If you’ve created the certificates before, you’ll know you get prompted for various bits of information during a couple of the steps (country, state, email).

However, this can be by-passed by using the -batch option with the openssl command.

So, to set this up for multiple servers, just loop through the following 5 commands for your servers:

cd C:\mysql\certs
openssl genrsa 2048 > ca-key.pem
openssl req -new -x509 -nodes -days 3600 -batch -key ca-key.pem > ca-cert.pem
openssl req -newkey rsa:2048 -days 3600 -batch -nodes -keyout server-key.pem >
openssl x509 -req -in server-req.pem -days 3600 -CA ca-cert.pem
        -CAkey …
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Setting Up SSL For MySQL

I often get asked how to set up and use SSL with MySQL, especially on Windows – I think largely because the manual step-by-step is more geared towards Linux users (though this “how-to” is valid for all – anyone can copy/paste the commands after changing the paths).

So I’ve compiled a concise, yet comprehensive, how-to that I wanted to share with everyone out there who wants to set this up quickly and efficiently.

And for those who haven’t done it, setting up SSL can often seem intimidating, so I want to dispell that myth while I’m at it, and show you how quick and easy it can be to set up SSL for MySQL.

For one, I should mention that I’m using a version where SSL is ‘available’, just ‘DISABLED’ (some versions can be compiled w/out ssl support – so those would not work):

mysql> show global …
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how to test the plain and encrypted SMTP/POP3/IMAP and HTTP protocols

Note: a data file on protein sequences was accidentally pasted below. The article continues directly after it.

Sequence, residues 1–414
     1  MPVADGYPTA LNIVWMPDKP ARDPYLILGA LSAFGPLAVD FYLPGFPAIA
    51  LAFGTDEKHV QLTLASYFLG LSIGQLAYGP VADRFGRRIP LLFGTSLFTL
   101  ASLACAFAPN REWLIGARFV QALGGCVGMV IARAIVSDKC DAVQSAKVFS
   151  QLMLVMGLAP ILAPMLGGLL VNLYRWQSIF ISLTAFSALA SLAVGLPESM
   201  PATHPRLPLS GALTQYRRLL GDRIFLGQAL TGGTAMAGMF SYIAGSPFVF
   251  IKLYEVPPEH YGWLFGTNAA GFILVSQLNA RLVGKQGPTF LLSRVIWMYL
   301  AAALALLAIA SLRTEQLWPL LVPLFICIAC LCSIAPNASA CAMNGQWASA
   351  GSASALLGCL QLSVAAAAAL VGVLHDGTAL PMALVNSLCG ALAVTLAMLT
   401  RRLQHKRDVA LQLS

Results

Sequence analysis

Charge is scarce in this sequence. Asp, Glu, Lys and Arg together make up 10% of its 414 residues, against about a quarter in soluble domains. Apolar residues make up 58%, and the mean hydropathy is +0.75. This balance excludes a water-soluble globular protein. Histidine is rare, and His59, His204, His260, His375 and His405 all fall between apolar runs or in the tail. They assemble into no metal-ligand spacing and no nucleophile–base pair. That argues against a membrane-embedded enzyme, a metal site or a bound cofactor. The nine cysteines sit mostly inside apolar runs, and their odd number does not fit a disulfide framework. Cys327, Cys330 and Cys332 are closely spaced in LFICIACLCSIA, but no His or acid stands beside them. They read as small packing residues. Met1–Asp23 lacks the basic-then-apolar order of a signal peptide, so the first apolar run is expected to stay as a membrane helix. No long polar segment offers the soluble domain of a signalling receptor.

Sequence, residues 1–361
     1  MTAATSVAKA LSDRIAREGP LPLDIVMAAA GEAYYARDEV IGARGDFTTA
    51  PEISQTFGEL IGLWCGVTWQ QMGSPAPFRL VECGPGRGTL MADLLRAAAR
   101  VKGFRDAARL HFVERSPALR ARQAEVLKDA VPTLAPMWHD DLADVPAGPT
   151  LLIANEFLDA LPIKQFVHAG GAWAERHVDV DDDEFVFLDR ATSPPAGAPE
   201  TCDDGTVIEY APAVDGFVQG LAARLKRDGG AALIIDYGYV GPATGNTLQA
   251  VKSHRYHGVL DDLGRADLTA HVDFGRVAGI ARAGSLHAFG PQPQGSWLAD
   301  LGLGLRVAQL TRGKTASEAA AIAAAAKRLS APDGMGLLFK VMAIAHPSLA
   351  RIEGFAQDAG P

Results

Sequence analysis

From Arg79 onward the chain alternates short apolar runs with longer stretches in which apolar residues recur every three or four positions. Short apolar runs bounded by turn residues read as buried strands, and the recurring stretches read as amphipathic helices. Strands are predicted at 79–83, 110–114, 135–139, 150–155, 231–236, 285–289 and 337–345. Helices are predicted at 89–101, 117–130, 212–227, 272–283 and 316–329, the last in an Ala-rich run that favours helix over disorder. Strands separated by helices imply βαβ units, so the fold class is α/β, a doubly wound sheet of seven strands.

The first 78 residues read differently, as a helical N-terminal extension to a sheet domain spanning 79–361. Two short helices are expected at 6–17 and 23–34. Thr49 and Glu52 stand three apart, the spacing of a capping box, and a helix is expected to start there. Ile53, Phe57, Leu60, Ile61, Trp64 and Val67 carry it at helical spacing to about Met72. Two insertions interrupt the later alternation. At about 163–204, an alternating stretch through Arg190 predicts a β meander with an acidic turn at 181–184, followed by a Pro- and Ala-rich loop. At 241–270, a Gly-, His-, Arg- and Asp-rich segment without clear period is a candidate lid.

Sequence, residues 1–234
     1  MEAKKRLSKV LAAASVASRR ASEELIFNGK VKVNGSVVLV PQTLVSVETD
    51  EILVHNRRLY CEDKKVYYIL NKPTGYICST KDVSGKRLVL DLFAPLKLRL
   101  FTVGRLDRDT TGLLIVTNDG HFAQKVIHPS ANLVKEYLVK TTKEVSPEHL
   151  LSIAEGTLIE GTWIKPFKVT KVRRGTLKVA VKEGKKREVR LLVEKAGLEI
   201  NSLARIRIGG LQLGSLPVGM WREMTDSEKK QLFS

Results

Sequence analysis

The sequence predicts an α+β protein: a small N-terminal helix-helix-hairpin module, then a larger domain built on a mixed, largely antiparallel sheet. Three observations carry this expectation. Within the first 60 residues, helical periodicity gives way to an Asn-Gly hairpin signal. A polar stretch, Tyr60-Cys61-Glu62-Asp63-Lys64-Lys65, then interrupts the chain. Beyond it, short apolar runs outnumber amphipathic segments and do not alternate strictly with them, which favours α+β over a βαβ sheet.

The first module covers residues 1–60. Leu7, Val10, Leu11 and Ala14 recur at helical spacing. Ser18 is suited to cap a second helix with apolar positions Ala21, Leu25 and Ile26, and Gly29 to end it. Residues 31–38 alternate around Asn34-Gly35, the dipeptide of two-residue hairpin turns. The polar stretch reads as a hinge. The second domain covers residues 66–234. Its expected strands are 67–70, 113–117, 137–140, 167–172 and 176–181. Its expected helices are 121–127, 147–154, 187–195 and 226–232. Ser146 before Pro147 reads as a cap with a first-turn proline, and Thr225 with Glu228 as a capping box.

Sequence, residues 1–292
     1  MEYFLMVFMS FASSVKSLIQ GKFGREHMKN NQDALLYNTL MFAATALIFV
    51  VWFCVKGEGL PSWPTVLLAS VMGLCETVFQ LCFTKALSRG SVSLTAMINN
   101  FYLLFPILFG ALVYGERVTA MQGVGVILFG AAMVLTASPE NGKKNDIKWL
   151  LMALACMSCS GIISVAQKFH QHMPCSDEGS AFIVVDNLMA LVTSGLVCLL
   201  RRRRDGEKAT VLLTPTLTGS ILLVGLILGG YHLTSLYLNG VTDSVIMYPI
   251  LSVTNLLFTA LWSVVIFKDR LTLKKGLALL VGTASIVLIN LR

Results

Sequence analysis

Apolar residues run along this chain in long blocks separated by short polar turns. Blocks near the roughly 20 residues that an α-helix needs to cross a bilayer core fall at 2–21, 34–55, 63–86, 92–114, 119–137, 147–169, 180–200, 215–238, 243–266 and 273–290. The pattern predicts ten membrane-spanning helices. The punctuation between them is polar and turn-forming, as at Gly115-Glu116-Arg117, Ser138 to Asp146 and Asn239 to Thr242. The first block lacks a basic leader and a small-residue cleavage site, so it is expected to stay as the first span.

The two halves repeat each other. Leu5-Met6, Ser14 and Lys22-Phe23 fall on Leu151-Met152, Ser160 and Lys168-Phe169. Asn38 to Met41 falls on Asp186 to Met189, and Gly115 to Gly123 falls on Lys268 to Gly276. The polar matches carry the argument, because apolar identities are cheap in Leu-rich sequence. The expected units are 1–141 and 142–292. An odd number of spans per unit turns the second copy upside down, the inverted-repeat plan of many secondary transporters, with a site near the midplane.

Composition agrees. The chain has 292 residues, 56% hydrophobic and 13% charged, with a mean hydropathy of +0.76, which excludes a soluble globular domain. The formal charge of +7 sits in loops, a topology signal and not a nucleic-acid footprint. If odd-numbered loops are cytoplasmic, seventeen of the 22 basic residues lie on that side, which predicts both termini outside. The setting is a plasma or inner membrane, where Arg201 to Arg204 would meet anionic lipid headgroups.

In this article I will describe how to test the plain and the encrypted SMTP/POP3/IMAP and HTTP protocols with telnet and the openssl s_client command.

list of references

For a complete list of available commands for the used protocols check the RFCs please:

SMTP sending mail

In the first example I will open a telnet connection to a SMTP Server on …

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I found myself with some spare time the other day and decided that my current mysql backup strategy is not the best in the world. The mysql server is a virtual machine in a Brisbane datacenter and it's backed up via a script that calls mysqldump on each installed database and dumps the content to (compressed) files. These files then get sucked down via rdiff-backup.

This is fine in principle, but does mean it's possible for me to lose 24 hours worth of data due to an accidental '--; DROP table students.

A more ideal way would be for the remote sql server to replicate to a local one, on which I can run mysqldump more often without affecting web site performance. (Replication would replicate the DROP table statement too.. :-)

With a bit of a confluence of attending three days of OpenQuery mysql training and needing to regenerate all ssl keys, I thought I should …

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LAMP: The mailing lists you *SHOULD* be subscribed to.

The LAMP stack consists of some complicated software, and this software from time to time will develop faults and security flaws. How do you keep yourself informed? Hope that the issues crop up on Digg, Slashdot? Well the best way is to join the Announce lists for each of the LAMP stack components.

The Announce lists are used by the developers of the different components of the LAMP stack to keep users informed of important events, like when a security flaw emerges or a new version of there software is released, etc.

The lists

The first one is dependent on the GNU/Linux distribution your running, in my case it is Archlinux, so I've subscribed to:

Next in the LAMP stack is Apache, and you can find its …

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Showing entries 1 to 10